However, creeping at the back of my mind as I continue to do research in graduate school and live in systems of oppression, whereby I have been conditioned as a woman to be quiet, to think always of others before myself, and not to see my own value, therapy mirrors the system in ways that I would like to confront through my art work as a mediator. Especially as I am involved in activist groups with mainly women and women of color trying to change the culture of sexual violence and gender violence, I no longer want to simply follow an “easy” path toward a status quo I simply do not agree with or tolerate.
In order to heal, I’ve put many things aside, including my own self interest and beliefs at times, because I believe that at some point I will be able to function “normally”. While this is no doubt important, that normalcy must not continue to ignore race and sexuality.
I also can’t shake the underlying message of the goal of retraining our brains, that we are broken and wrong, and need to change in order to deal with our circumstances. Normal people cope and move on with their lives after bad events, while we are still trapped in the past.
“We now know that trauma compromises the brain area that communicates the physical, embodied feeling of being alive. …. They also help us understand why traumatized people so often keep repeating the same problems and have such trouble learning from experience. We now know that their behaviors are not the result of moral failings or signs of lack of willpower or bad character -they are caused by actual changes in the brain.” (2-3)
Even in understanding how DBT can be an effective healing tool and with the support of Van Der Kolk’s research and experience in his book, I am still a “subject” that needs to be fixed. For me, this does not help to promote agency or empowerment, help me to speak up for myself, or feel comfortable in daily life.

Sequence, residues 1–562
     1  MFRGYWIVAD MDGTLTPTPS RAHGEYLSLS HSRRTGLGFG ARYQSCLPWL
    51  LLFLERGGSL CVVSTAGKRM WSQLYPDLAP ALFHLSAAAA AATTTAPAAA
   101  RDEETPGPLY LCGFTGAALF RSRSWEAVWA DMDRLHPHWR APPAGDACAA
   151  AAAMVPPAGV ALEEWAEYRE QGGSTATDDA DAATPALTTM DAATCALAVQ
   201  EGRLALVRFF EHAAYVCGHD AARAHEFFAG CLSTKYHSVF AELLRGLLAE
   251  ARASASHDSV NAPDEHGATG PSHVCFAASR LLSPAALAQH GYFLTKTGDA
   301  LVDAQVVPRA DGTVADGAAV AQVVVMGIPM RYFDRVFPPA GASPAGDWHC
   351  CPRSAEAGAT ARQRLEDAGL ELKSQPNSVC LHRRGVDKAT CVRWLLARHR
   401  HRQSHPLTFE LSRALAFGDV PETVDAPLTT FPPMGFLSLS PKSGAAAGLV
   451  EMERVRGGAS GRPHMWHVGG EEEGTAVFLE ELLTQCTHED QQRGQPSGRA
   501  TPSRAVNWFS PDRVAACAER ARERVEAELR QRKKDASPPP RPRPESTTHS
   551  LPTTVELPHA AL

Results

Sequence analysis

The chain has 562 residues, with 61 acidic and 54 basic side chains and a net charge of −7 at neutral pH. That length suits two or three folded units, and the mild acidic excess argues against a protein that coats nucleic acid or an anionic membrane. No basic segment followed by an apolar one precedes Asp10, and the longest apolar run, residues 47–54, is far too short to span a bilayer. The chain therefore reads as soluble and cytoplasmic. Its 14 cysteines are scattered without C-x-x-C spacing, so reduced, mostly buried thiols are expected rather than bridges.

I’m not suggesting that it is therapy’s job to change the structure of our society, however because it perpetuates the same systems that have in many ways created circumstances of trauma and suggests a mimicking of supposed agency within these limits, how much can this form of therapy truly help me feel empowered? How much will this form of agency perpetuate the same behaviors at the end of the day that contribute to my mental illnesses?
“Sexuality must not be thought of as a kind of natural given which power tries to hold in check, or as an obscure domain which knowledge tries gradually to uncover. It is the name that can be given to a historical construct: not a furtive reality that is difficult to grasp, but a great surface network in which the stimulation of bodies, the intensification of pleasures, the incitement to discourse, the formation of special knowledges, the strengthening of controls and resistances, are linked to one another, in accordance with a few major strategies of knowledge and power.” Foucault, History of Sexuality: Volume I, An Introduction (105-106)